Clear and consistent communication among everyone involved in a project is necessary for success. If a wall gets moved, or a junction box has to be relocated because of plumbing, we need to know about it. Keeping lines of communication open at all stages of a project is very important. It ultimately serves the client in saved time and money while making everyone’s lives easier. The larger the project, the more important this becomes.

How do you initiate and build client relationships?

Since we started in 2011, all of our clients have come to us through word of mouth and it keeps us quite busy. We have been very lucky to have a number of architecture and design studios that have been clients and friends for years and continue to bring us onboard for some of the most exciting new hospitality projects across the United States.

What is the most innovative lighting project you have led or been a part of?

We don’t normally work on residential projects, but we had a client a few years ago who was building a beautiful private residence. The home owners asked us to design two massive “closets” and a show car garage where a rotating collection of cars were stored.

We treated the closets just like we would a small high-end retail store with plenty of under cabinet lighting, indirect cove lights and decorative fixtures. The “His” closet was filled with dark wood and warm lighting, while the “Hers” closet was white, bright and airy. The show car garage had 350 recessed LED strips in the ceiling framed by custom steel panels. We also grazed the board form concrete walls with LED wall washers. The real magic was when we integrated it into a Control4 system and set up timed scenes so that when they arrived at home, the garage door would open and the lights were triggered to turn on in a carefully choreographed series. It was like driving into the batcave.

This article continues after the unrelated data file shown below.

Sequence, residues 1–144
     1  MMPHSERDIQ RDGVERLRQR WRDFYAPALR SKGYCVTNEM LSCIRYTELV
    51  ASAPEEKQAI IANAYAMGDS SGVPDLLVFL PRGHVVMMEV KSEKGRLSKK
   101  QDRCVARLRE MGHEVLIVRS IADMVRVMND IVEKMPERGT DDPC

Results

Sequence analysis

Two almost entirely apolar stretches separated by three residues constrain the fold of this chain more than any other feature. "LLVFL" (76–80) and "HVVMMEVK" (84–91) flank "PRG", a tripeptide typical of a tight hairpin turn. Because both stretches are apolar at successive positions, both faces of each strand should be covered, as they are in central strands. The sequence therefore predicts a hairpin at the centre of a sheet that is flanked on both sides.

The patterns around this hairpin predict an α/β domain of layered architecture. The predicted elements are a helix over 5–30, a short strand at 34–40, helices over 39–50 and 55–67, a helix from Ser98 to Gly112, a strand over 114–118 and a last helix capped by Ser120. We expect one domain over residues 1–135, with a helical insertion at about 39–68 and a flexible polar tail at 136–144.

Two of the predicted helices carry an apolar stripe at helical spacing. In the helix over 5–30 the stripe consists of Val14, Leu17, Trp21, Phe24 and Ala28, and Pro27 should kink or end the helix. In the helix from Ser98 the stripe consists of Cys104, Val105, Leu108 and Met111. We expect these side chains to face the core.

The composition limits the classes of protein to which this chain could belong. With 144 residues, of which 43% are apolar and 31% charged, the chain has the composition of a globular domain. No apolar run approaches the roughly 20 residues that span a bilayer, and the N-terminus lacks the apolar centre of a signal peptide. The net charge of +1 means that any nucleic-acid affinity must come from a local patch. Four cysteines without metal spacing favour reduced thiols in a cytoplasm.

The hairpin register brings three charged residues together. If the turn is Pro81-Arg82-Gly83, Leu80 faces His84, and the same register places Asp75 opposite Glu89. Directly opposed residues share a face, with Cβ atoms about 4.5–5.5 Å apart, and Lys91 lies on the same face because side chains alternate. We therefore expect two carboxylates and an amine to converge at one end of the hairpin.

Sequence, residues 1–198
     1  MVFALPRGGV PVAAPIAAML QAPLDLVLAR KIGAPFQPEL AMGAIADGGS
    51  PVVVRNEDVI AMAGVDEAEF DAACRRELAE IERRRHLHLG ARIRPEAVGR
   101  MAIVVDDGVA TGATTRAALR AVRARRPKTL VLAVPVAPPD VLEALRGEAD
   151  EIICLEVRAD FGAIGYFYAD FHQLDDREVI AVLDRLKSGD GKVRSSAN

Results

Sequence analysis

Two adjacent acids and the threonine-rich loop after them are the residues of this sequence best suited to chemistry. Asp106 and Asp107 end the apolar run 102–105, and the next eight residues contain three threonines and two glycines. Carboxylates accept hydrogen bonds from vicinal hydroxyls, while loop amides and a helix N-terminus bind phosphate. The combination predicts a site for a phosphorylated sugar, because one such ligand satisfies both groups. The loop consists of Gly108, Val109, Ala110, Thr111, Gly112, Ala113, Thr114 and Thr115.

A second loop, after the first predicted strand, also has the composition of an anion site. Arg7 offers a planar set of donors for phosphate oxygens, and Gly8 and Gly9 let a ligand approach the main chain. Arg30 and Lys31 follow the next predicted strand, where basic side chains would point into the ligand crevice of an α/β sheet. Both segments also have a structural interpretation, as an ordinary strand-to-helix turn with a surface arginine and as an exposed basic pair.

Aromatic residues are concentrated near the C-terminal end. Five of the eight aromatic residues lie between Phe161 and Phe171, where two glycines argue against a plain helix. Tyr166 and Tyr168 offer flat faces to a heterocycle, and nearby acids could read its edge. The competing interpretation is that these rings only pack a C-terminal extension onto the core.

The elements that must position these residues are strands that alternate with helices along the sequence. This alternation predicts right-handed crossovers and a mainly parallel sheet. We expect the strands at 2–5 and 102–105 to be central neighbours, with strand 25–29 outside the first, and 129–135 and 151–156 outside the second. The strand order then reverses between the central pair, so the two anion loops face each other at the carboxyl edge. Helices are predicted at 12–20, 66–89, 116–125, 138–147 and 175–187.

What has been the most difficult skill or approach you have had to learn as a lighting designer? When did you finally master it, and how?

The business side of design is a skill I am constantly working on. I’m passionate about educating clients on techniques and products that we use, but when it comes to charging for our time and services, I am completely worthless. Luckily, I am surrounded by a talented team that keeps our clients happy and our business running.

If you could give one piece of advice to a young lighting designer, what would you say?

Look for inspiration everywhere.

What are the methods of lighting you use in every project, regardless of the client or space?

We always come back to the basics: ambient, task and accent lighting for every project. Many clients will come to us simply looking for a custom decorative fixture or some LED strips, but they haven’t considered the necessary light levels, quality of the ambient light or daylight in the rest of the space. We help them come up with a lighting package that creates the look and mood they desire, but also the light they need to run a successful business.

When did you first use Soraa? What was your initial reaction?

We first started using Soraa about 3 years ago when we were A-B testing PAR38 lamps. Just opening the box, you could see and feel that the build quality was outstanding. It has a solid and heavy body and excellent optics in a compact package.

Do you have a favorite Soraa product?

The Soraa VIVID™ PAR20 with 10° beam angle range and the Soraa Snap System. The PAR20 lamp performs beautifully on new-build projects and also gives us complete control when re-lamping. It is our favorite PAR lamp for hospitality, hands down.

We can save clients time and money by using existing fixtures, but still have options for beam angle, color temperature, and the wide range of accessories the Soraa Snap System offers.

What is your reaction to using Soraa today, versus using other lighting technologies?

Soraa is our standard for the most discerning clients and projects that really need extra attention to detail. We can stake our reputation on the consistent performance and quality of lights that Soraa provides.BODY3_Southern_Lights_Soraa_WBRADFORD.jpg